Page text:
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Ontario Prepared to Enter Stage 3 – But Don’t Stalk Race Track Owners, Yet

On Friday July 18, the majority of Ontario will be entering the third phase of the COVID-19 opening. Of course, for drivers and fans, they both flocked to their local track owners to ask the big question – can we have spectators and racing, yet?

The official government framework states “sporting and racing events” are allowed to take place – though there are limits in place. The document reads, “Based on the advice of the Chief Medical Officer of Health and other public health experts, gathering limits apply to higher risk settings and activities where people congregate,” with racing events under that category.

Currently, the gathering limit for an outdoor event to a maximum of 100 people – so that means only 100 spectators would be permitted under that provision. Most tracks will not want to go through the trouble of just allowing 100 to attend, so therefore the doors will likely remain closed.

Many will remain frustrated with this fact, and understandably so on some regards as you see people congregate in other places closer together. There are many who feel we’re getting the short end of the stick, and possibly that is right. The easy factor would be to go against the rules. But go forth and do that, and get in trouble, and watch everything you’ve been given taken away and be back at ground zero. Do you really want to be back to no racecars on track at all?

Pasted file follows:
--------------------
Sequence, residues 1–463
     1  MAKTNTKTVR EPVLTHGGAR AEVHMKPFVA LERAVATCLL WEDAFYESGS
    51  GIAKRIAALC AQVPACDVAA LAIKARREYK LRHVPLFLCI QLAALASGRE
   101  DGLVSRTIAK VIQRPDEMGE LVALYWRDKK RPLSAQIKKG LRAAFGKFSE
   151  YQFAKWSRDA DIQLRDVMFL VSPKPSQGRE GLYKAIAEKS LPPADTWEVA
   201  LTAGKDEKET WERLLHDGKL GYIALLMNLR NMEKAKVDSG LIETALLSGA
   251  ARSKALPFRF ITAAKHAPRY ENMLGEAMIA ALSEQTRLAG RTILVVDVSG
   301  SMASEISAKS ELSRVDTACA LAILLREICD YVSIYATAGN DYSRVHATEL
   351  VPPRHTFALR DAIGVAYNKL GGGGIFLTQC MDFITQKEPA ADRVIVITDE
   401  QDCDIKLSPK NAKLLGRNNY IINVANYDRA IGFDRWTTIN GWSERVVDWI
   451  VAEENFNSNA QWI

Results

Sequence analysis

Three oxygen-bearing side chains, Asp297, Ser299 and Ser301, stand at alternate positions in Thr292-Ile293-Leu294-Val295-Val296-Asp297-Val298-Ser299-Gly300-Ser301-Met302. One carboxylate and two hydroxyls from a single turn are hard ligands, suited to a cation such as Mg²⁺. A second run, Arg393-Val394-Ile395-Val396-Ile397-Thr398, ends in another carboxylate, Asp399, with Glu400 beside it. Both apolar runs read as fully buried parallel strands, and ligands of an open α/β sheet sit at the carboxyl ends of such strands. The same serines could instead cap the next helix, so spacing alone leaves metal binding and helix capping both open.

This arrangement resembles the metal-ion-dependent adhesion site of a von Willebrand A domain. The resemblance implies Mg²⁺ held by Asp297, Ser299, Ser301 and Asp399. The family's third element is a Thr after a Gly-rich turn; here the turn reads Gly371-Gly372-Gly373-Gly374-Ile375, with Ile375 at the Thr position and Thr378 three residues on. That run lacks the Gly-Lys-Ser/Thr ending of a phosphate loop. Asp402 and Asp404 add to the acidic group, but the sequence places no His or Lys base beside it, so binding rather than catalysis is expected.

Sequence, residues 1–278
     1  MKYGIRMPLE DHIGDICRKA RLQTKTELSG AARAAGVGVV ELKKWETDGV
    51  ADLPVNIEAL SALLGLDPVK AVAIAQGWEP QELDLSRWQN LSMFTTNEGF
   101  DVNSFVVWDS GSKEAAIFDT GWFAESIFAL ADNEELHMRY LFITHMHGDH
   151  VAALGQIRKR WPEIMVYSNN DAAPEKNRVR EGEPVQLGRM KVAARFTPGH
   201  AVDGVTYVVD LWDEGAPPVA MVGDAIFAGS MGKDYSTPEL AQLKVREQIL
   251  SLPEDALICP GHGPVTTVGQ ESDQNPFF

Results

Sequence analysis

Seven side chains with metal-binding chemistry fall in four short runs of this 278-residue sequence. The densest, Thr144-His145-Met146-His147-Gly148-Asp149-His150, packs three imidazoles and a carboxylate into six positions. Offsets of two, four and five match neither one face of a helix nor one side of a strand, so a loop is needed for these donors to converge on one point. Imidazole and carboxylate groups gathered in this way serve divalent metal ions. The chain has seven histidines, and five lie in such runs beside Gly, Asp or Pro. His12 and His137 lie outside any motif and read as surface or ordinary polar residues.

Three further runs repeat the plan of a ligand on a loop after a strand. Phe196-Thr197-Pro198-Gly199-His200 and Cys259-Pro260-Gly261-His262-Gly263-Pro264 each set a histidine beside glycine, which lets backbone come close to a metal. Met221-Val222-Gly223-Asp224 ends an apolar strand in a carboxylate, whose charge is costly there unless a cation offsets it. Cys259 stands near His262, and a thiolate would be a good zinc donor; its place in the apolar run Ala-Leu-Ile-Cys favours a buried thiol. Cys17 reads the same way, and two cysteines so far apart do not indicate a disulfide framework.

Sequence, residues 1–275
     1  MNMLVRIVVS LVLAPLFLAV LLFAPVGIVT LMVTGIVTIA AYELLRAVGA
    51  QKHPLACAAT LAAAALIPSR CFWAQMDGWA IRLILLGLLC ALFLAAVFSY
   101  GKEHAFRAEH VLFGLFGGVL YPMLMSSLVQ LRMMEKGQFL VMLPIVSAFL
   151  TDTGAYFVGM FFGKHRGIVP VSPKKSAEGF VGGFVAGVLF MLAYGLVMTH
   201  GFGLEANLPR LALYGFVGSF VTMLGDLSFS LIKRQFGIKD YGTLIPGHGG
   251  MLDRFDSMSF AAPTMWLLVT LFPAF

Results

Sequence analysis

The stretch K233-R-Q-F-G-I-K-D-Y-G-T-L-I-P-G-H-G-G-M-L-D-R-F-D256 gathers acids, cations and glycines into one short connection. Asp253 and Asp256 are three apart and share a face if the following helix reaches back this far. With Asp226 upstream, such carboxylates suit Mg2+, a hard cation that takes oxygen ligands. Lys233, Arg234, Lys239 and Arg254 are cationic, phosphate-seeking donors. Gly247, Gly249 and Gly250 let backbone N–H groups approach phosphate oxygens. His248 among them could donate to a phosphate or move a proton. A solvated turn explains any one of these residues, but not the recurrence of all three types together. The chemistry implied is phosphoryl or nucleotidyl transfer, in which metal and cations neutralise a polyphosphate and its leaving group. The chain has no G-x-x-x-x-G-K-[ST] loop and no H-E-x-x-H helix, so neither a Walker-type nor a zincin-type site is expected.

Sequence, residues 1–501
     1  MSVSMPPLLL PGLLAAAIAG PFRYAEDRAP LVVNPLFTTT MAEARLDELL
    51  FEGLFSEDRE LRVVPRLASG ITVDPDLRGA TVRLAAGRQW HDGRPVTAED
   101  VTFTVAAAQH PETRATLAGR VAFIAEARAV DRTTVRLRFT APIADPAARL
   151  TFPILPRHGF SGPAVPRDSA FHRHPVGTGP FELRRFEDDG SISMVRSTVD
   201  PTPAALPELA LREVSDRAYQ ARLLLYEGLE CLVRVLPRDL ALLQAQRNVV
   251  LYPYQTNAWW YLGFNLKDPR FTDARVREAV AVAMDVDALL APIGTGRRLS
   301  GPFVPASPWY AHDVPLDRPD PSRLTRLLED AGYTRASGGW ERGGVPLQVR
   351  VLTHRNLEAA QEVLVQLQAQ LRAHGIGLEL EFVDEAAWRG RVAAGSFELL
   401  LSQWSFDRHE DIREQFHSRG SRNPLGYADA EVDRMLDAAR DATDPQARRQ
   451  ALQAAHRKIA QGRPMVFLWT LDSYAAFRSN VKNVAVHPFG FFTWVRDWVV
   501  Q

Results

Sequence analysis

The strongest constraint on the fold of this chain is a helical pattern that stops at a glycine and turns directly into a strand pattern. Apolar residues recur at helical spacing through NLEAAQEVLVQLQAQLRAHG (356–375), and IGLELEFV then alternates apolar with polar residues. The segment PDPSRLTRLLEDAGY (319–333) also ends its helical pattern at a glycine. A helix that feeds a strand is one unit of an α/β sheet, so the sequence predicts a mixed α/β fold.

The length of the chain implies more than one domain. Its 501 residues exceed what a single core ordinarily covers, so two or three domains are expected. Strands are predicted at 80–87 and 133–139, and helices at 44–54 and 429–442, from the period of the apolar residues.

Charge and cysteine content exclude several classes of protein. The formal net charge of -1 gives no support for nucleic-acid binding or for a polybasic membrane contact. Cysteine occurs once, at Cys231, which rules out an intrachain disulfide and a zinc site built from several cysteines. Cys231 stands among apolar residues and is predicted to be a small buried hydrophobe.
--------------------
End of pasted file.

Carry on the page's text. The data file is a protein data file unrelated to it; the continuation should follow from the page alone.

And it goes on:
There is hope, though.

Both the provincial government and local health units are willing to work with businesses that want to open things up in helping put provisions and plans in place. Doug Ford encouraged organizations to send proposals in, as to how they would maintain social distancing and keeping everyone safe – while opening up further.

It was a proposal in the alliance between the track owners and series promoters that led to where we are now. Brighton Speedway track owner Mark Rinaldi led the group, ultimately putting forth the original proposal that saw racing events begin to recognized on documents, and practice days to be allowed. There were limits enforced, with procedures to follow including the allotment of just five team members including the driver per car.

As we’ve seen, that has translated to Operation Green Flag being kick-started with events at Merritville Speedway, Flamboro Speedway, and Brighton Speedway without fans. The same goes for Full Throttle Motor Speedway being able to run their programs at Varney International Speedway and Grand Bend Speedway.

It is possible continued work together between the tracks and government could allot for more spectators to be allowed – with social distancing protocols in place, of course.

For now, though, it’s time to sit back, relax, and enjoy what we have accomplished. It’s a lot more than what we initially expected when things began shutting down through March and April.

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